After twelve years of searching for a successor, when the country started to sink, the astrologers, who worshipped the stars, asked the stars where to find a successor. The stars answered:
Look up and look down your country, and when you find a man whom the animals follow, the sun serves, the waters obey, and mankind love, you need not to ask who his ancestors were. This man will be one of the royal line entitle to the throne of gold and the Crown of Silver.
The astrologers searched the country, asked the people but were met with ridicule.
Until one night, an old astrologer got lost in the Himalaya Mountains and took refuge in a cottage to find an intelligent leader, worthy of the throne.
Through the story of the Silver Crown, Russell H. Conwell illustrates four characteristics that he deems are necessary to subsist in modern civilization.
How to find the intelligent leaders of tomorrow?
In life, it becomes necessary to have a leading man or woman.
Russell H. Conwell uses the four characteristics of the Silver Crown story to determine the leaders of tomorrow: a man or woman whom the animals follow, a man or woman whom the sun serves, a man or woman whom the waters obey, and a man or woman who possesses mankind love.
Characteristic 1: Animals will follow the leader
Conwell considers that, alike universities, animals ought to instruct and encourage us.
He takes a scientifical approach to demonstrate the knowledge and power embodied in animals.
Studying the animals and taking notice of their instinctive knowledge on a daily basis will allow us to comprehend life better.
For example, the horse is much more useful than a human being. The horse “has within its body so much galvanic and electric force continually generated by the activities of life, that if that electricity could be concentrated and held to a certain point, a horse could stand still and run a forty-horse power electric engine.” Whereas, a human being, standing still, can run a ten-power horse engine.
Furthermore, a hen and her egg are filled with mystery and more knowledge than an intelligent professor with degrees from prestigious schools are willing to admit or to spend time studying.
Conwell believes, contrary to science, that hens or chickens possess their own language, the “egg is the greatest scientific problem with which the world has ever grappled — the beginning of life and the God-given design”.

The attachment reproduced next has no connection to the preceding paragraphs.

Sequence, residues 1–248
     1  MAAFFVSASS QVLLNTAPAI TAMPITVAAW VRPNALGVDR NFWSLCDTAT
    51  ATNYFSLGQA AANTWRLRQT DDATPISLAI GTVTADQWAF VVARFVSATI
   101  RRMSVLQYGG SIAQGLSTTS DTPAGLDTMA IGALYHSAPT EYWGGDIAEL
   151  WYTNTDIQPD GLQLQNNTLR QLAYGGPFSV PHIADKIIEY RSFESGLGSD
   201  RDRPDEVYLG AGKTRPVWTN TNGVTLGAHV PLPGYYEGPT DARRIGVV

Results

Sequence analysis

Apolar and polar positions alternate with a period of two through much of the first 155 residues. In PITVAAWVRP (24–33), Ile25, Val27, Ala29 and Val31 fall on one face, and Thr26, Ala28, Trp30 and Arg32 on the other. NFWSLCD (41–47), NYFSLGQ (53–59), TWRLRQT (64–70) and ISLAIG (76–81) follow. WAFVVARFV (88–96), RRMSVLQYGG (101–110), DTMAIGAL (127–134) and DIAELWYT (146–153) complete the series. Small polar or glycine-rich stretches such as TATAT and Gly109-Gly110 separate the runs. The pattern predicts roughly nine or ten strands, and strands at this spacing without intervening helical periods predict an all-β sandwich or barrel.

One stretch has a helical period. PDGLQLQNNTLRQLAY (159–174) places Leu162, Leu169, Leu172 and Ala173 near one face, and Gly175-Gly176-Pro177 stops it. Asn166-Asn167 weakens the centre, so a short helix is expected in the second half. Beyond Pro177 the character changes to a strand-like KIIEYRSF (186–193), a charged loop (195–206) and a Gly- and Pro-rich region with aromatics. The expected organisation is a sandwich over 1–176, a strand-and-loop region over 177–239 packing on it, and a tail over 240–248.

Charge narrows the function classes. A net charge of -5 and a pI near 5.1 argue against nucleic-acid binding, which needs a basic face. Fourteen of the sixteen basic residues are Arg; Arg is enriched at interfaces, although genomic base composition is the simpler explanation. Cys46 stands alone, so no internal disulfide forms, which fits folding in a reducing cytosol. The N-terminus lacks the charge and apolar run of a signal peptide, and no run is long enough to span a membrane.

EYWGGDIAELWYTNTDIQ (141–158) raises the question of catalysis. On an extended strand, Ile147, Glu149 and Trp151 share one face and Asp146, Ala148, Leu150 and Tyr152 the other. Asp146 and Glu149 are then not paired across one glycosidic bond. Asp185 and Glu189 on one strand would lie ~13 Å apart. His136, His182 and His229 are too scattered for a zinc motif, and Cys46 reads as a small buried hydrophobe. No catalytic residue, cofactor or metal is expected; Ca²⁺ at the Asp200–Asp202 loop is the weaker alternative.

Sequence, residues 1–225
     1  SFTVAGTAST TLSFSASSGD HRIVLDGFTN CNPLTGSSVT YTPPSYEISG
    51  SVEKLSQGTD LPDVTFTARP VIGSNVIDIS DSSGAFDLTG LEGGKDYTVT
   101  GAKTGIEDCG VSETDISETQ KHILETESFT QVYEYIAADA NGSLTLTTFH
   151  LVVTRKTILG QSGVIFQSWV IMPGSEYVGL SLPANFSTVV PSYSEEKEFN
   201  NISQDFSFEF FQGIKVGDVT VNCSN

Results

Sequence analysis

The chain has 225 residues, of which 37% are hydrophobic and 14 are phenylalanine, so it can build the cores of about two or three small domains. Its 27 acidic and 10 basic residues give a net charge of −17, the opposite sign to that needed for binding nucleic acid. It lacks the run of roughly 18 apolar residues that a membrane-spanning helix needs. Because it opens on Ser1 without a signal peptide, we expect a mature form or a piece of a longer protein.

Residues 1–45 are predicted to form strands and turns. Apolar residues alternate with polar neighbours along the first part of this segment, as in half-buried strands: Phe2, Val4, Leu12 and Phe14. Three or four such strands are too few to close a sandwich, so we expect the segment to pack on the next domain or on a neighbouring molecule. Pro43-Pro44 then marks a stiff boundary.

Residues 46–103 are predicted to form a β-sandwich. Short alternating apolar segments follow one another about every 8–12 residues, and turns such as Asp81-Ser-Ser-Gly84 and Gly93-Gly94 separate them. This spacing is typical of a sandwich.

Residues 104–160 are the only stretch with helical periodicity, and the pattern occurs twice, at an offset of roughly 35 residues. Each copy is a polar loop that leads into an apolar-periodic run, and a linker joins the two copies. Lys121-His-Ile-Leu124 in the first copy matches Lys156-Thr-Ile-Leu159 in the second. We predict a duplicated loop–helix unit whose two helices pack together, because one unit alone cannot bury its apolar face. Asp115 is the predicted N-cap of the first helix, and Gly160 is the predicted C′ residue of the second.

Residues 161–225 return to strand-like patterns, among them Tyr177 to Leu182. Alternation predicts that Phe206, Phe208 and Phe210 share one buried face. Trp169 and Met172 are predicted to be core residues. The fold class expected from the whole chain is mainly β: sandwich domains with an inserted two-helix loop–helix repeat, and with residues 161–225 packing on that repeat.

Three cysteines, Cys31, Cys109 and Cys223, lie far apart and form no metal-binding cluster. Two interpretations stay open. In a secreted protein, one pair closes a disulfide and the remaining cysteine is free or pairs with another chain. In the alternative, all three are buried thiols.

Characteristics 2 & 3: the sun will serve the leader and the waters will obey the leader
Through the story of the locomotive and the milkman, Conwell shows how a leader is being served by both sun and water, the importance of getting educated on a daily basis and noticing the events around us and noticing the unnoticed.
The locomotive, using steam to move and driven by Man, is used to illustrate these 2 characteristics.
A milkman took a locomotive every day to distribute his milk. On the train, he consistently asked questions about the functioning of the train to the engineers.
One day, while the fireman and the engineer were absent, the train rolled down the mountain.
Fortunately, the milkman was on the train, knew how to drive it and saved everyone, including a stakeholder in the railroad company. The milkman happened to get rich of his knowledge and his curiosity.
Characteristic 4: mankind will love the leader
A leader gains the love of mankind by being great benefactors: while they are going after their own success, they bless humanity, they hear the call of humanity and respond to it.
The university from which they have graduated from does not matter in real life.
University can make you unlearn the real values and useful knowledge, needed in real life.
An uneducated person will know more instinctively than anyone who has been to school by using their everyday observations, even though they have a degree from a university or not.
The Key To Success by Russell H. Conwell is a great book that takes approximately one hour to read.
It is filled with picturesque stories and fictional dialogues to illustrate and to get us to remember his point.
The Key To Success is dedicated to those who wish to become leaders and strengthens their core values, for those who are eager for success. It emphasizes the idea that every man is his own university, that every man should take notice of his surroundings and learn from everything.
The Key To Success by Russell H. Conwell is an essay to encourage people to seek their own success by observing the events around them. Russell H. Conwell seeks to find the intelligent and the “leading men and women” of tomorrow.
In The Key To Success, Russell H. Conwell is very controversial, progressist, scientifically curious and forward for his time.
He is continually questioning the limits of science and of human knowledge, is answering the questions that science cannot answer with the knowledge of God.
After reading this book, all I could think is “I like this guy” for his opinion. Conwell does not hesitate to denounce academics, with diplomas from prestigious schools, who have no time to study “lesser” things in life, who belive that their studied education trumps their natural and instinctive education.
Hence, for him, science does not explain everything but we should seek explanation from God.
There is danger that a man will get so much education that he won’t know anything of real value because his useless education has driven the useful out of his mind.
The great scientific men—and we need more—often are not given the full credit that is due them because they have not “graduated” from somewhere. It seems to me there is a feeling in these later days for creating an aristocracy among the men who have graduated from some rich university. But that does not determine a man’s life. It may be a foolish tyranny for a little while, but nevertheless every man and woman must finally take the place where he and she are best fitted to be, and do the things that he and she can do best, and the things about which he and she really know. Where they graduated, or when, will not long count in the race of practical life.
Do you know that the humblest man, whatever his occupation, really knows instinctively certain things better for not having been to school much? It is so easy to bias the mind.
No man ever gives himself for others’ good in the right spirit without receiving “a hundredfold more in this present time.”
Many of us spend our lives searching for success when it is usually so close that we can reach out and touch it